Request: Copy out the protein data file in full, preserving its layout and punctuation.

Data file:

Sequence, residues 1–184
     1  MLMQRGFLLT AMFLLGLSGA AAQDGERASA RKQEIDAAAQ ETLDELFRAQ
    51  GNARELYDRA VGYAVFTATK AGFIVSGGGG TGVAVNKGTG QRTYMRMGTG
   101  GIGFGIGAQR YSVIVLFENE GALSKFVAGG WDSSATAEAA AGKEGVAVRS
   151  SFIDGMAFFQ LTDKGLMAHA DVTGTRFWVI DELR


Sequence, residues 1–184
     1  MLMQRGFLLT AMFLLGLSGA AAQDGERASA RKQEIDAAAQ ETLDELFRAQ
    51  GNARELYDRA VGYAVFTATK AGFIVSGGGG TGVAVNKGTG QRTYMRMGTG
   101  GIGFGIGAQR YSVIVLFENE GALSKFVAGG WDSSATAEAA AGKEGVAVRS
   151  SFIDGMAFFQ LTDKGLMAHA DVTGTRFWVI DELR